Strategic Community Management

Types Of Change

There are several types of change, which you can categorize as follows:

  1. The community goals change. This is where there is a major shift in the objectives of the organization or the department and the goals of the community change. For example, the goal might no longer be to increase customer satisfaction, but to reduce costs. This is also the most dangerous from a community management perspective. The viability or value of the community itself might be called into doubt.
  2. The stakeholders change. This is where key stakeholders change or members of your team leave. This might have two major impacts. The first is you no longer have the same level of support as you once did. This often happens if your boss leaves. In this situation, you have to re-establish the link between the community and their goals. You have to get approval and understanding on the strategy again. You need to be proactive in this process, not reactive.
  3. The resources are cut (or increased). This is the most common. Your resources are reduced (or, rarely, increased) and you need to adapt. This usually happens when more work is dropped on your desk and you have less time for the community, your team members leave and you cannot get the budget to replace them, or your budget is cut. It might also be when you lose the permission to do what you want to do, or a resource you counted on (e.g. support of a designer) is eliminated. In this case, you need to review what you can do effectively and adjust your work at the tactical level.

Responding to Changes

In any change there are elements of the strategic plan you need to abandon and elements you need to keep. Change brings as many opportunities as it does challenges.

Below you can see means of responding to each of the possible changes.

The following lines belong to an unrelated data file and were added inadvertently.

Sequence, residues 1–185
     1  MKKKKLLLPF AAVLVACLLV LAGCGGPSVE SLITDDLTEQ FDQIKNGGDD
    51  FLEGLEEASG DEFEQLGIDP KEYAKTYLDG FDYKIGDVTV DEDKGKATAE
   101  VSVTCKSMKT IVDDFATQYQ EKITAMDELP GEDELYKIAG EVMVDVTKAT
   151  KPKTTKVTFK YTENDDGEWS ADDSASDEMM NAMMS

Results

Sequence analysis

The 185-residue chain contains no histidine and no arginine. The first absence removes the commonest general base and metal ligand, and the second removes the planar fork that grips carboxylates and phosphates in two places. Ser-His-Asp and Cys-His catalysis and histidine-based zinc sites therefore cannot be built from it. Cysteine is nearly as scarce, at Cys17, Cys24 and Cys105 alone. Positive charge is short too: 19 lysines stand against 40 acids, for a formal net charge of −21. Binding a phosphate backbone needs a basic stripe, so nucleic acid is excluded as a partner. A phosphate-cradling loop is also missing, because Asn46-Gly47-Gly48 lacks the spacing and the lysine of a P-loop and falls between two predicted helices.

New corporate or departmental strategy This is usually a change in goals. This changes what you do but not the resources you have to do it. You still have the same amount of time and resources to allocate. This usually means a focus on new products, new audiences, or reduction in costs.

  • Keep your current resource analysis and team skill/passion analysis.
  • Proactively identify the new goal; don’t wait for it to trickle down (because those making decisions might preemptively decide the community doesn’t match the new goal).
  • Lobby on behalf of the community (this is an opportunity).
  • Work rapidly to establish new objectives for the community (and work down from there).
Change in senior stakeholders This usually means changing the objectives or working to get them approved again. The goal might remain the same, but senior executives might have new ideas about the behavior that would help them achieve that goal.

  • Identify, negotiate, and agree reasonable objectives.
  • Don’t let objectives be set too high to achieve.
  • Don’t let objectives be set too low to be valuable.
  • Reallocate resources in favor of the new objectives (and work down).
Change in line manager (boss) Strategy If your boss (or a direct line manager) is changed or replaced, you might need to change your strategy. At the very least, you will need the strategy signed off again. You will need your boss’ approval to use the resources in this way.

  • Provide your boss with opportunities to add input into the strategy.
  • Get new strategy signed off. Pay specific attention to getting the resources signed off.
  • Adjust any tactics to suit the new strategy.
Change in resources (cut or increased) If your resources are increased or reduced, your tactics have to change to match. Cuts are unfortunately more common than increases.

  • Cut the least effective tactics.
  • Prioritize tactics which have the most reach and depth  This usually means cutting out the least effective tactics and prioritizing the things that might have the most reach/depth/longevity.

This is usually a relatively quick change to make.

Change in team members If you or your close team members move on to new roles, the execution of the tactics has to change. Each new team member will have new skills and passions. Your action plan needs to adjust to reflect this.

  • Identify skills and passions of new team members.
  • Identify new skill or knowledge gaps which need to be closed.
  • Reallocate tasks to accommodate changes.

Most changes are unanticipated. Yet, they create opportunities to seize as well as challenges to overcome. You can respond quickly to changes to adapt the strategic plan and impress the value of the community upon newcomers.

Do not try to persist with the same strategic plan if many changes have occurred. Adapt quickly and keep going.

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